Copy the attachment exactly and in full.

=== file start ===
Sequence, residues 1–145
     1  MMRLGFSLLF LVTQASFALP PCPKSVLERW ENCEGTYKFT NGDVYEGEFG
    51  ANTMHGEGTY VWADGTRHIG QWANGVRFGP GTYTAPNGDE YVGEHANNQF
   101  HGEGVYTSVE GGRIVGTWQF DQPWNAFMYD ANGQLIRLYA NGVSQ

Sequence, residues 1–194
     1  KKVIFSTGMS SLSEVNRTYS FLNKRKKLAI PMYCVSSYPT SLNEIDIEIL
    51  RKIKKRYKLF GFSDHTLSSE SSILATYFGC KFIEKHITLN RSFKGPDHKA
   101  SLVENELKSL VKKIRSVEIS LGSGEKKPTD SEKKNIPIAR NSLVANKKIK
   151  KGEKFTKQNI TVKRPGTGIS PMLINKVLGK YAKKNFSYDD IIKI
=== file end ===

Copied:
Sequence, residues 1–145
     1  MMRLGFSLLF LVTQASFALP PCPKSVLERW ENCEGTYKFT NGDVYEGEFG
    51  ANTMHGEGTY VWADGTRHIG QWANGVRFGP GTYTAPNGDE YVGEHANNQF
   101  HGEGVYTSVE GGRIVGTWQF DQPWNAFMYD ANGQLIRLYA NGVSQ

Sequence, residues 1–194
     1  KKVIFSTGMS SLSEVNRTYS FLNKRKKLAI PMYCVSSYPT SLNEIDIEIL
    51  RKIKKRYKLF GFSDHTLSSE SSILATYFGC KFIEKHITLN RSFKGPDHKA
   101  SLVENELKSL VKKIRSVEIS LGSGEKKPTD SEKKNIPIAR NSLVANKKIK
   151  KGEKFTKQNI TVKRPGTGIS PMLINKVLGK YAKKNFSYDD IIKI